So far the progress and results have been very positive; some of our tests have shown that this new delivery platform increases “in vivo” the activity of the docetaxel significantly. The great thing is that the finished product is very small, about 40 nanometers in diameter, and have the specific protein for transitosis via LDL receptor across the blood brain barrier. The most exciting part is that this isn’t just only a product, but a platform for drug delivery. However, this is the first stage of the research, not a product development; that it is many years away. We also have several other research sub-projects and ideas tied to this platform, that are in their starting phases or that we are waiting to begin.
What would you like Eriochem to accomplish over the next five years?
We have a ten-year master plan and our goal is to have half of our turnover in the US in five or six years. Right now, we are selling about USD 28 million per annum, roughly 80 percent outside of Argentina, and about 25 percent growth per year over the last few years. If we can keep that pace of growth and gain a strong foothold in the US with docetaxel within the next few years, I will be very satisfied.
As for the pharmaceutical industry in Argentina, what do you feel are the main reasons that Argentina is not currently more prominent in the international pharmaceutical market?
First, it is important to recognize that Argentina has the longest tradition of pharmaceutical manufacturing in Latin America, with several companies that are over 100 years old. I have been in the industry since 1985, and at that point there were more than 200 labs in Argentina and less than 20 in Brazil.
However, we lost most of these advantages in recent years for a variety of reasons. Argentina has fallen behind because we didn’t embrace globalization and trade as many of our neighboring countries and industrial competitors did; for example, relatively few pharmaceutical companies export from Argentina, and many of them only export to the smaller markets in Latin America. Partially due to these attitudes and policies, other countries like Brazil received much more foreign investment, which together with the higher levels of trade have helped them to achieve higher overall levels of growth. Thus, while many countries outside of the US and Europe, such as China, India, Taiwan and Korea, have managed to become significant players in the global pharmaceutical market, Argentina doesn’t have a very strong position considering our history and technical expertise.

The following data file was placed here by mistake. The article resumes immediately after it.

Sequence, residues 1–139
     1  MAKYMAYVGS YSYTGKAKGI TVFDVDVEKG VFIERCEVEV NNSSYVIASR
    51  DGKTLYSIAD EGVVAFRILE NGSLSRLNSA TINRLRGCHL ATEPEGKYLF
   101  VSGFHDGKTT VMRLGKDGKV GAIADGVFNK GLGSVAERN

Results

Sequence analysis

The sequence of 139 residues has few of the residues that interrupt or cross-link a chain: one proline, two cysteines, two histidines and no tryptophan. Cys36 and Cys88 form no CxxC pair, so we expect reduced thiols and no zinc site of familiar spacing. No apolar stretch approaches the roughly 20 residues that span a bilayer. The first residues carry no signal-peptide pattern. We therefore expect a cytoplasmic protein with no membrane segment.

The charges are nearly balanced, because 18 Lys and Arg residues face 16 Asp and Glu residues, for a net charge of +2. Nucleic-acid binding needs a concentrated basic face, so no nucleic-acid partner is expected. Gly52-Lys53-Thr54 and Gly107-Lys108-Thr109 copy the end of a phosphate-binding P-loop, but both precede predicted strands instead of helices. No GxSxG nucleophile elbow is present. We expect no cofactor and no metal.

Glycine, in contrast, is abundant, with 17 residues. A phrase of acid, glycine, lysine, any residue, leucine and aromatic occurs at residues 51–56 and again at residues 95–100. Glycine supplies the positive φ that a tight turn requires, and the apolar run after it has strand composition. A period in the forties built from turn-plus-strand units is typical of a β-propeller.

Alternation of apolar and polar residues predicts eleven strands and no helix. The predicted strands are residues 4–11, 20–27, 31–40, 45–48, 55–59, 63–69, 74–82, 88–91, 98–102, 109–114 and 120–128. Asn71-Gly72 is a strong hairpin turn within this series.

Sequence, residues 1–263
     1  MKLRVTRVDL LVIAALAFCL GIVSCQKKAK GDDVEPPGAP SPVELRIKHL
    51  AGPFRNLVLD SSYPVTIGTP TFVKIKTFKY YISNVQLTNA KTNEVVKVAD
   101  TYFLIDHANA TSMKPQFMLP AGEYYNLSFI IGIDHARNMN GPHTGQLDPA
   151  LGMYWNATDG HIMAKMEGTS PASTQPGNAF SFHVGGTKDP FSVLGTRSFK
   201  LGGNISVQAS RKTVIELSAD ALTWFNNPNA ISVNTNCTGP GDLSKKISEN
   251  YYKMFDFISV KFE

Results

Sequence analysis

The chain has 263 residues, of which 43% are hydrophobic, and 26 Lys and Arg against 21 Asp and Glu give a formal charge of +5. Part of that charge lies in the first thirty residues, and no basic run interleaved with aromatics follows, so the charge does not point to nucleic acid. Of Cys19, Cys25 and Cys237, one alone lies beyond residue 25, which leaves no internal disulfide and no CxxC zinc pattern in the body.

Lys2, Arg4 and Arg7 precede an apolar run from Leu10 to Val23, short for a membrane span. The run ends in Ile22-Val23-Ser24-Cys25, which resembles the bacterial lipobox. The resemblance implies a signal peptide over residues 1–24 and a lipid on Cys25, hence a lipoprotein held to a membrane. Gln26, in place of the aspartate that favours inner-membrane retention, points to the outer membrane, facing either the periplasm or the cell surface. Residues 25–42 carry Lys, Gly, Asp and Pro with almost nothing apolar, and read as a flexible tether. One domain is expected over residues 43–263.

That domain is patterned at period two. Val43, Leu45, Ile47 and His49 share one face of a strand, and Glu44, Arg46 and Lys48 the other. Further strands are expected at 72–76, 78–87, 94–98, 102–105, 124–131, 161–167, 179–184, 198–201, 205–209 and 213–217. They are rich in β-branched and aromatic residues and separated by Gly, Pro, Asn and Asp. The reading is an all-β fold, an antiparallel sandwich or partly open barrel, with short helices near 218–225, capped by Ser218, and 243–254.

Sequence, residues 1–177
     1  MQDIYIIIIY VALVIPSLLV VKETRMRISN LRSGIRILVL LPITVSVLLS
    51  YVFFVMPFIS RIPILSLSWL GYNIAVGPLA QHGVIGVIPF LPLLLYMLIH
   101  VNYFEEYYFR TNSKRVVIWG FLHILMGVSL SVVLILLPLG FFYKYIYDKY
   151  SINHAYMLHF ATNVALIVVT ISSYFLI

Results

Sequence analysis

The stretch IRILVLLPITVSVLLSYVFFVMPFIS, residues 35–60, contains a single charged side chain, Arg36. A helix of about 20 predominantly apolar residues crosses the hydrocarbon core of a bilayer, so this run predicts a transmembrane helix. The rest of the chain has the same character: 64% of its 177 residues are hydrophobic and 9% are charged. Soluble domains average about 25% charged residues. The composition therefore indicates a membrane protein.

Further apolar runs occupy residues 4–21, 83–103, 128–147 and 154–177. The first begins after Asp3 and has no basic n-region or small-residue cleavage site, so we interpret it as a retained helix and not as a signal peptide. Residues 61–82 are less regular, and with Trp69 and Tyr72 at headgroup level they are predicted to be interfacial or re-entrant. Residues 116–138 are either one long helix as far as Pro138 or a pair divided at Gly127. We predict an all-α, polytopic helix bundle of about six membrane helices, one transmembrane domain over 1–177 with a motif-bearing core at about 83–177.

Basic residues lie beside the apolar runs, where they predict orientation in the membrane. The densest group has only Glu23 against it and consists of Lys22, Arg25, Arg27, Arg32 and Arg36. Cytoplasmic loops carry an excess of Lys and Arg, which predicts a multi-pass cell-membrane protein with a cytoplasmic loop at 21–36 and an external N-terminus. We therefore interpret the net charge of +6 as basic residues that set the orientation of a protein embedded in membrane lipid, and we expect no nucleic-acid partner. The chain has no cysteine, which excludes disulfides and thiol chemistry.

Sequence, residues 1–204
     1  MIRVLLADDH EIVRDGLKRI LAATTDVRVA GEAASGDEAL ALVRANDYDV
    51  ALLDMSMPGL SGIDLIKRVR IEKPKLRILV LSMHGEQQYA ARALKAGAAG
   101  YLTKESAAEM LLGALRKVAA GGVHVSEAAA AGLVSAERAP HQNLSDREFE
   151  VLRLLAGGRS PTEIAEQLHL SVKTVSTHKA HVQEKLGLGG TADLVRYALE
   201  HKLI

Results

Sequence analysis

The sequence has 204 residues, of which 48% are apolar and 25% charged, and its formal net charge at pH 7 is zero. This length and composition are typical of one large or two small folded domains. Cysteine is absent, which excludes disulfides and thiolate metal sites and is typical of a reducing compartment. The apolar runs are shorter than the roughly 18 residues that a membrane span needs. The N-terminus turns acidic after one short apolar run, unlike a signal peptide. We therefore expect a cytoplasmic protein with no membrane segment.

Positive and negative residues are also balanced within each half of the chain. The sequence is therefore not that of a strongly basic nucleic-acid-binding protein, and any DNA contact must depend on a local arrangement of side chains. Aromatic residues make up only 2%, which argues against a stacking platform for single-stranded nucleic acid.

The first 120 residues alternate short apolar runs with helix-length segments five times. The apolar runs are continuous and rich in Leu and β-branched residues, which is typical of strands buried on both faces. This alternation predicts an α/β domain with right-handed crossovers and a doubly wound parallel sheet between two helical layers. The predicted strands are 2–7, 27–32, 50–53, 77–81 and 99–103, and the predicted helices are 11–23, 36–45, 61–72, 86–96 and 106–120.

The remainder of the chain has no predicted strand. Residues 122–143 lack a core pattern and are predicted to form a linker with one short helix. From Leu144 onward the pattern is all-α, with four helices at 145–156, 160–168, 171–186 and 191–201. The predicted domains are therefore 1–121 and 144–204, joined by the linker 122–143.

How competitive do you think Argentina is compared to other players?
Overall, I don’t think we are particularly competitive, at least not based on price alone. We can be very competitive in some markets, and perhaps with some of the more temperamental biotechnologies. Our biggest asset is our strong pool of human resources, and the cultural commitment to the excellence in work; business may not be the most efficient or professional in Argentina, but when people are expected to meet a certain level of quality in their work, they meet it. Thus, we are able to achieve and maintain the standards necessary to export to some of the more regulated markets. I hope that in the future, we will be able to leverage these strengths and take a stronger position as generic players in the more regulated markets.
The problem for other markets is that many Argentinian products lack CTD format dossiers, which are needed for registration in highly regulated countries (e.g: FDA, EMA). In Latin America where Argentinian brands are well known, we have a fairly strong presence because physicians and pharmacists understand that our products are fairly good value in terms of the quality-price relationship, but for the rest of the world we don’t have the brand recognition to compete in competitive markets for important products. Argentina’s opportunity in these markets is as a producer of overlooked niche meds, where the competition is weaker and the price is less of an issue for payers.
Do you have a final message for our readers?
It may be a cliché, but I’d say: don’t fear challenges. My unique advice would be to look towards technology for solutions. Our company has maintained steady growth because we are continuously developing new technology that we incorporate into products and processes and we are using to accumulate patents.